Map Collections The Library of Congress Search by Keyword | Browse by Geographic Location Index | Subject Index | Creator Index | Title Index The Geography and Map Division of the Library of Congress holds more than 4.5 million items, of which Map Collections represents only a small fraction, those that have been converted to digital form. The focus of Map Collections is Americana and Cartographic Treasures of the Library of Congress. These images were created from maps and atlases and, in general, are restricted to items that are not covered by copyright protection.
Collapse: Why do civilisations fall? Hundreds of years ago in what is now modern Honduras, Copán was a thriving civilization, a center of the cultural life of the Maya. Tens of thousands of people made their home in the Copán Valley. Yet despite its importance, Copán went into decline. Across the vast territory of the ancient Maya, other important sites were sharing a similar fate. Classic Maya civilization was collapsing.
Ancient China - The Ancient Chinese Civilization Chinese Historical Accounts the Forbidden City, the home of the Chinese emperors until the last dynasty was overthrown in the 20th century Chinese history, until the twentieth century, was written mostly by members of the ruling scholar-official class and was meant to provide the ruler with precedents to guide or justify his policies. These accounts focused on dynastic politics and colorful court histories and included developments among the commoners only as backdrops. Internet History Sourcebooks Project Internet History Sourcebooks Project Paul Halsall, Editor Last Modified: Dec 11 | linked pages may have been updated more recently The Internet History Sourcebooks Project is a collection of public domain and copy-permitted historical texts presented cleanly (without advertising or excessive layout) for educational use. 1.
Annenberg Media Exhibits: Collapse Hundreds of years ago in what is now modern Honduras, Copán was a thriving civilization, a center of the cultural life of the Maya. Tens of thousands of people made their home in the Copán Valley. Yet despite its importance, Copán went into decline. Across the vast territory of the ancient Maya, other important sites were sharing a similar fate. Handy Man - Tools - Early Humans for Kids Early man did not have sharp claws or strong sharp teeth. He was not larger or stronger than other animals. He could not run like deer or antelope. So how did early man survive? He had to use the things that animals did not have, reason and invention.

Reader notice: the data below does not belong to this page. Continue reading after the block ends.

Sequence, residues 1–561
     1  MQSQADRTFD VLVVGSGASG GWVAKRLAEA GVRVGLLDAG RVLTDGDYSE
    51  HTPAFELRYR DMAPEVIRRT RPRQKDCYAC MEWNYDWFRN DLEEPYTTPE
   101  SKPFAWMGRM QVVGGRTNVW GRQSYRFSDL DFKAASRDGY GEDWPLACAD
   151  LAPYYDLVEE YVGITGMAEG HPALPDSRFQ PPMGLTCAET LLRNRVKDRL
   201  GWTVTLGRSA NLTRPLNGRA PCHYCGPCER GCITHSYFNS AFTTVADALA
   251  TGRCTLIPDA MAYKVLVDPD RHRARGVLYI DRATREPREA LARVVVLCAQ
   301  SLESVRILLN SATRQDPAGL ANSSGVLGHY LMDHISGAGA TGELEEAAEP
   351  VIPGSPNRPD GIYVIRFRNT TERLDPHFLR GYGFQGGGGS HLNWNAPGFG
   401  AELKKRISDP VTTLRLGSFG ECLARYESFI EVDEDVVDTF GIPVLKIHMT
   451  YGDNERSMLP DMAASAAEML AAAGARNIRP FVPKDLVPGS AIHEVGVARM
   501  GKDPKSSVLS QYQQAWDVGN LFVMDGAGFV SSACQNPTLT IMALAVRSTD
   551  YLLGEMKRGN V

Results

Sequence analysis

Roman Kingdom The Roman Kingdom (Latin: REGNVM ROMANVM) was the period of the ancient Roman civilization characterized by a monarchical form of government of the city of Rome and its territories. Little is certain about the history of the kingdom, as nearly no written records from that time survive, and the histories about it that were written during the Republic and Empire are largely based on legends. However, the history of the Roman Kingdom began with the city's founding, traditionally dated to 753 BC with settlements around the Palatine Hill along the river Tiber in Central Italy, and ended with the overthrow of the kings and the establishment of the Republic in about 509 BC.
Home - TimeSearch Search the Web through Timelines(and surprise yourself with what you find) Icons on the left link to Google or HistoryWorld (H) Yellow icons on the right link to related images in GoogleMove your pointer over an icon to see the search terms To start at Big Bang just click Go (above)To go to a specific period enter a year (above)For a more focused timeline use the Areas and Themes menus (top left)
ChronoZoom ChronoZoom is an educational tool for teachers and students who want to put historical events in perspective. A great many resources have been created already in ChronoZoom for your enjoyment and enlightenment. Start Exploring Hypogeum of Ħal-Saflieni The Hypogeum of Paola, Malta, (Ipoġew in Maltese) literally meaning "underground" in Greek, is a subterranean structure dating to the Saflieni phase (3000-2500 BC) in Maltese prehistory. Thought to have been originally a sanctuary, it became a necropolis in prehistoric times and the remains of more than 7,000 individuals have been found. It is the only known prehistoric underground temple in the world. The Hypogeum was depicted on a 2 cents 5 mils stamp issued in the Maltese Islands in 1980 to commemorate the acceptance by UNESCO of this unique structure in the World Heritage Site list. It was closed to visitors between 1992 and 1996 for restoration works; since it reopened only 60 people per day are allowed entry. It was discovered by accident in 1902 when workers cutting cisterns for a new housing development broke through its roof.